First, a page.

How to Lose a War at Sea: Foolish Plans and Great Naval Blunders, edited by Bill Fawcett, is a collection of non-fiction essays.
It is a fascinating collection of more than 30 short tracts about naval warfare and oceanic disasters. The book spans centuries: there are essays ranging from the days of the Spanish Armada to naval blunders from the 1960s.
The essays, sometimes sad, sometimes funny but often ironic, detail some of the worst gaffes, mistakes and errors to happen to the navies. These stories tell of egomaniacs whose egos didn’t match reality, miscalculations, the effects of espionage and the importance of planning.
I especially liked the essays about outlandish, unrealistic plans. Today’s reader can immediately tell they wouldn’t work, yet they somehow got a stamp of approval.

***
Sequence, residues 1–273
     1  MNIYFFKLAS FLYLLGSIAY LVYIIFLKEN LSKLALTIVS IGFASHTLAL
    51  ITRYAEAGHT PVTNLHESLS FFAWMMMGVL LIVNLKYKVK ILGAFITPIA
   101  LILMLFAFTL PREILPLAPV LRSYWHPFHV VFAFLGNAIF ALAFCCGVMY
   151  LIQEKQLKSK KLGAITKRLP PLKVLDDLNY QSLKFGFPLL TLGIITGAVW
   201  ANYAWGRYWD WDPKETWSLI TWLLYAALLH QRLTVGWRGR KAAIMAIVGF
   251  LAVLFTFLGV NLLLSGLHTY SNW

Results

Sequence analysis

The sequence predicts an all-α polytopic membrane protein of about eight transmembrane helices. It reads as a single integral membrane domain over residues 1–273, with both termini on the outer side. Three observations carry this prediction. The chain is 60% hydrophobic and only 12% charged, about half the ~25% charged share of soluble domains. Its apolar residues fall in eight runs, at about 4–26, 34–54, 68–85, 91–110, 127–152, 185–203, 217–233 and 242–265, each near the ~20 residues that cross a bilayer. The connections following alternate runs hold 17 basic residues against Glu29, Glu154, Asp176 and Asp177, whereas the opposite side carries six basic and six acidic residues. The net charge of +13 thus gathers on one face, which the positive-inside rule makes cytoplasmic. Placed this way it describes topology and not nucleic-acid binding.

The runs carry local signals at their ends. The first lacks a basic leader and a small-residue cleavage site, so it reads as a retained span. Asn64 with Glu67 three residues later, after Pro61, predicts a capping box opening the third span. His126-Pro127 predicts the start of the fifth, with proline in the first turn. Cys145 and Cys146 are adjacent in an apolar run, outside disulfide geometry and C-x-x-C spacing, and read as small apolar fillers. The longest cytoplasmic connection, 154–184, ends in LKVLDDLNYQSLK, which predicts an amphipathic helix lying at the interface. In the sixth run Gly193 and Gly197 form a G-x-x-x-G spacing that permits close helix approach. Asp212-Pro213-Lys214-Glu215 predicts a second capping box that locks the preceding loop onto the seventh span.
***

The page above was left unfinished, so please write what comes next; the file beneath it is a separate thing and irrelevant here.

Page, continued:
I found this book to be entertaining; I’m always amazed by bad military ideas (or ones which are just plain stupid) and how they changed history. The book is not, and is not meant to be, an encompassing history of these events (for those pick up a book like The Hunt for Hitler’s Warship by Patrick Bishop) but it does give the reader a glimpse into interesting acts which, if you choose, you can learn more about.
The book is an excellent choice for those interested in history, naval history or even if you are simply reading books in the off chance that Alex Trebek might call you out of the blue to be on Jeopardy.Powered by Sidelines